Some studies have suggested that adolescent smoking may also be influenced by the density of tobacco retail outlets. A California study found that the prevalence of current smoking was three percentage points higher at schools in neighbourhoods with a high density of retail outlets (more than five tobacco outlets) compared with neighbourhoods without tobacco outlets.11 For discussion about prevention initiatives focused on tobacco access and supply, see Section 5.21.

Recent news and research

For recent news items and research on this topic, click here (Last updated June 2018)  

References

1. US Department of Health and Human Services. Preventing tobacco use among young people: A report of the Surgeon General. Atlanta, GA: US Department of Health and Human Services, Centers for Disease Control and Prevention, National Center for Chronic Disease Prevention and Health Promotion, Office on Smoking and Health, 2012. Available from: http://www.cdc.gov/tobacco/data_statistics/sgr/2012/

2. Tyas S and Pederson L. Psychosocial factors related to adolescent smoking: a critical review of the literature. Tobacco Control 1999;7(4):409–20. Available from: http://tobaccocontrol.bmj.com/cgi/content/full/7/4/409

3. US Department of Health and Human Services. Reducing tobacco use: a report of the Surgeon General. Atlanta, Georgia: US Department of Health and Human Services, Centers for Disease Control and Prevention, National Center for Chronic Disease Prevention and Health Promotion, Office on Smoking and Health, 2000. Available from: http://www.cdc.gov/tobacco/sgr/sgr_2000/index.htm

4. Sargent J and DiFranza J. Tobacco control for clinicians who treat adolescents. CA A Cancer Journal for Clinicians 2003;53(2):102-23. Available from: http://caonline.amcancersoc.org/cgi/reprint/53/2/102

5. DiFranza J and Coleman M. Sources of tobacco for youths in communities with strong enforcement of youth access laws. Tobacco Control 2001;10:323-8. Available from: http://tobaccocontrol.bmj.com/cgi/reprint/10/4/323

6. Nelson R, Paynter J and Arroll B. Factors influencing cigarette access behaviour among 14-15-year-olds in New Zealand: a cross-sectional study. Journal of Primary Health Care 2011;3(2):114–22. Available from: http://www.rnzcgp.org.nz/assets/documents/Publications/JPHC/June-2011/JPHCOSPNelsonJune2011.pdf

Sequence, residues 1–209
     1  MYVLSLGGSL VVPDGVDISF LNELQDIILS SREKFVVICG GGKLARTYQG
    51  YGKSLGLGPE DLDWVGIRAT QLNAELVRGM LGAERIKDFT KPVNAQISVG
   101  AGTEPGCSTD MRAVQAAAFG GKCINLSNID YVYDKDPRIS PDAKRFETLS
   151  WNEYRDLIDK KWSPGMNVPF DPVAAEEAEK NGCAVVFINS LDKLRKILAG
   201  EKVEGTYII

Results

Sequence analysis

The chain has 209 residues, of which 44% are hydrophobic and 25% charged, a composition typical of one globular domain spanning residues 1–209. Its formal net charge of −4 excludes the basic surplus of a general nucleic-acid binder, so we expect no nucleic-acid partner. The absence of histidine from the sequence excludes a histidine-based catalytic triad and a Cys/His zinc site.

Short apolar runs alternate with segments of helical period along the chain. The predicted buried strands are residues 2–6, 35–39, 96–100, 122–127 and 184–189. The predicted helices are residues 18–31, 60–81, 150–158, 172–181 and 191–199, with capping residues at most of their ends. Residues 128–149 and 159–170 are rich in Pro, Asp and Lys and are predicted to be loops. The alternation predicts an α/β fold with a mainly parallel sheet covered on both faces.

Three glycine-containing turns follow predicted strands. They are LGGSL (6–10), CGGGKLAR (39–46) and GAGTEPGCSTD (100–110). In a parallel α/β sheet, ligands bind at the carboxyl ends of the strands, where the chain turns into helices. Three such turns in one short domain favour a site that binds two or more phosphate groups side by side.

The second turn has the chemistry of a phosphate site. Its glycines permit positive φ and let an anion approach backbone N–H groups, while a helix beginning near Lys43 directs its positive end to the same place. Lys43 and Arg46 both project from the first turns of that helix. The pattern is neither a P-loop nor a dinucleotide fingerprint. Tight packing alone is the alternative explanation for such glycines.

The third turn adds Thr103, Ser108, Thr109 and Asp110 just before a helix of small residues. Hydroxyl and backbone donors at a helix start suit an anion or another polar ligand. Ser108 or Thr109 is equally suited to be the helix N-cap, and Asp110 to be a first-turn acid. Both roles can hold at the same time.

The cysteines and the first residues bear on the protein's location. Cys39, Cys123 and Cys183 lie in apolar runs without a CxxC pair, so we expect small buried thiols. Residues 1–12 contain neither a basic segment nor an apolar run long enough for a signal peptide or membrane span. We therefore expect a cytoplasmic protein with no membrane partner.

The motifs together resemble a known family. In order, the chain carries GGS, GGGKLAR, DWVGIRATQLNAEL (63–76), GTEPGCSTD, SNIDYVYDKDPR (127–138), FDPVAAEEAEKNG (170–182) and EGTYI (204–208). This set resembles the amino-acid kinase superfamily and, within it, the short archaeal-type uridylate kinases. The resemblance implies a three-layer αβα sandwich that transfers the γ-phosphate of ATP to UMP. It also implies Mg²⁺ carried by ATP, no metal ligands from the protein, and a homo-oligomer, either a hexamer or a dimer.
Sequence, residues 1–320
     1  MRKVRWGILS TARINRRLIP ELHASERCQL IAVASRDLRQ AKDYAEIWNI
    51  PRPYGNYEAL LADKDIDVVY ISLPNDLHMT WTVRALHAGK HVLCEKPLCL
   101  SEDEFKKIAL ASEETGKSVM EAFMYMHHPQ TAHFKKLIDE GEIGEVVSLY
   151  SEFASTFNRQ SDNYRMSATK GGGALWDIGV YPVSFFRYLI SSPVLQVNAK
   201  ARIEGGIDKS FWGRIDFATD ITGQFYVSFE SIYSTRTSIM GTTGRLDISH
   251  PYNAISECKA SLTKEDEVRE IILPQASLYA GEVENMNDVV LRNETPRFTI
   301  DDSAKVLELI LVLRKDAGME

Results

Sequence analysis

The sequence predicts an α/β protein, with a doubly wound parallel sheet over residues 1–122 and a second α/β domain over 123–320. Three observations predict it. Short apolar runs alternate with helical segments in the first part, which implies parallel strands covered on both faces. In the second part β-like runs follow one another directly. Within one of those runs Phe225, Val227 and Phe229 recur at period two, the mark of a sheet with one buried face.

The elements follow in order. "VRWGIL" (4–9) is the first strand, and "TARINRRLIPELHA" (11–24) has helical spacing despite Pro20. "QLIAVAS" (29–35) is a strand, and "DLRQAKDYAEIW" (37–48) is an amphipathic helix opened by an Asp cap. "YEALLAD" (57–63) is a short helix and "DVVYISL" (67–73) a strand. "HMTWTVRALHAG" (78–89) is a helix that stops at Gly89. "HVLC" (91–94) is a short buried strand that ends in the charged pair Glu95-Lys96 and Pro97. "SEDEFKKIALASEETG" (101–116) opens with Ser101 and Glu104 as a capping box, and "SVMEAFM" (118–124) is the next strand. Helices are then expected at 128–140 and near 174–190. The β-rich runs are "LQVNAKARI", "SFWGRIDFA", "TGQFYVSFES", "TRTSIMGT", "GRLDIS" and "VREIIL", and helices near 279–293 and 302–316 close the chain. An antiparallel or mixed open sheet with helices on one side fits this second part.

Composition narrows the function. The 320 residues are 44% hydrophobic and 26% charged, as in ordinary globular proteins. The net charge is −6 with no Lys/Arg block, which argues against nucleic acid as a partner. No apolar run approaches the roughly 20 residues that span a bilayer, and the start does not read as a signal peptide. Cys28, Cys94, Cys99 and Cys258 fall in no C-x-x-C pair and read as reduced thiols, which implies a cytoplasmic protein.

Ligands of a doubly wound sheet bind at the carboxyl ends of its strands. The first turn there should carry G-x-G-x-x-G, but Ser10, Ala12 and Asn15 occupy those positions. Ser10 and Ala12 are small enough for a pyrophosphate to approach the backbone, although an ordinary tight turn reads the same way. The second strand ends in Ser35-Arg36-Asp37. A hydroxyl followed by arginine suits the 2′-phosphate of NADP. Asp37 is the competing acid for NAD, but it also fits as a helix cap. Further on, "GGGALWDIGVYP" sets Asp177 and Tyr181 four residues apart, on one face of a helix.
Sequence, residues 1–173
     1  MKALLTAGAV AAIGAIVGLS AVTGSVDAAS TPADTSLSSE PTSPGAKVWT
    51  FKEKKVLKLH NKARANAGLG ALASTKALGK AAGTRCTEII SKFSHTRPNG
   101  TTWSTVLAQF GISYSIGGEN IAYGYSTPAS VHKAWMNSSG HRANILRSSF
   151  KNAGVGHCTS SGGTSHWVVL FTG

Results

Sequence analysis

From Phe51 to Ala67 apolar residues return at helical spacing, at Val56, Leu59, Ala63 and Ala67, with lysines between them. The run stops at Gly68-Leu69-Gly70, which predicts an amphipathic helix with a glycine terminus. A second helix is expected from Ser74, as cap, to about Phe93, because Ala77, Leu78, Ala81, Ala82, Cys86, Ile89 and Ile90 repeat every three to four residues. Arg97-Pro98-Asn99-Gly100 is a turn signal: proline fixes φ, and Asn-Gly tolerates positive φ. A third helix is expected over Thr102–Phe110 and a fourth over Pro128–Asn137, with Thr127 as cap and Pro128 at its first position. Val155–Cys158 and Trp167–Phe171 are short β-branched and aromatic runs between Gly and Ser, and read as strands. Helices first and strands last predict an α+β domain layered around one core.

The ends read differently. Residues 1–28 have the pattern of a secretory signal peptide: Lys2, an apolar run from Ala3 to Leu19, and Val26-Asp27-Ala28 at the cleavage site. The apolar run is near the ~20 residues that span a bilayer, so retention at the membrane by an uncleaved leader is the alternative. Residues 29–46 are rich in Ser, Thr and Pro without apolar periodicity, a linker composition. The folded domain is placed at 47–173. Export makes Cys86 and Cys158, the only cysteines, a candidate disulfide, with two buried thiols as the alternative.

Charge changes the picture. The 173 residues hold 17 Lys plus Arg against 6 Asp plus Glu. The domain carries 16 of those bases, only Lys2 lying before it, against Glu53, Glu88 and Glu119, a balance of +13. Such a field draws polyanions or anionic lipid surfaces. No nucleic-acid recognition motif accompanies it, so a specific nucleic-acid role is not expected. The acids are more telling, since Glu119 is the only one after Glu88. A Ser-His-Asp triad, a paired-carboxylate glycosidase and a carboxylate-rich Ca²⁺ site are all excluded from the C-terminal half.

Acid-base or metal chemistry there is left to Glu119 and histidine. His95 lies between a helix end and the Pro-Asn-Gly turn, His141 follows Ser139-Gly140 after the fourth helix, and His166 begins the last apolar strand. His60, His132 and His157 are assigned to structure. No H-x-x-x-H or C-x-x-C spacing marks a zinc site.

7. Dent C and Biglan A. Relation between access to tobacco and adolescent smoking. Tobacco Control 2004;13(4):334–8. Available from: http://tc.bmjjournals.com/cgi/content/abstract/13/4/334

8. White V and Smith G. Tobacco use among Australian secondary students. Australian secondary school students' use of tobacco, alcohol, and over-the-counter and illicit substances in 2008. Canberra: Drug Strategy Branch Australian Government Department of Health and Ageing, 2009. Available from: http://www.nationaldrugstrategy.gov.au/internet/drugstrategy/Publishing.nsf/content/school08

9. Australian Institute of Health and Welfare. 2010 National Drug Strategy Household Survey: survey report. Drug statistics series no. 25, AIHW cat. no. PHE 145. Canberra: AIHW, 2011. Available from: http://www.aihw.gov.au/publication-detail/?id=32212254712&libID=32212254712&tab=2

10. Australian Institute of Health and Welfare. 2007 National Drug Strategy Household Survey: detailed findings. Drug statistics series no. 22. AIHW cat. no. PHE 107. 2. AIHW, 2008. Available from: http://www.aihw.gov.au/publication-detail/?id=6442468195

11. Henriksen L, Feighery E, Schleicher N, Cowling D, Kline R and Fortmann S. Is adolescent smoking related to the density and proximity of tobacco outlets and retail cigarette advertising near schools? Preventive Medicine 2008;47(2):210–4. Available from: http://www.ncbi.nlm.nih.gov/pubmed/18544462

      Previous Chapter Next Chapter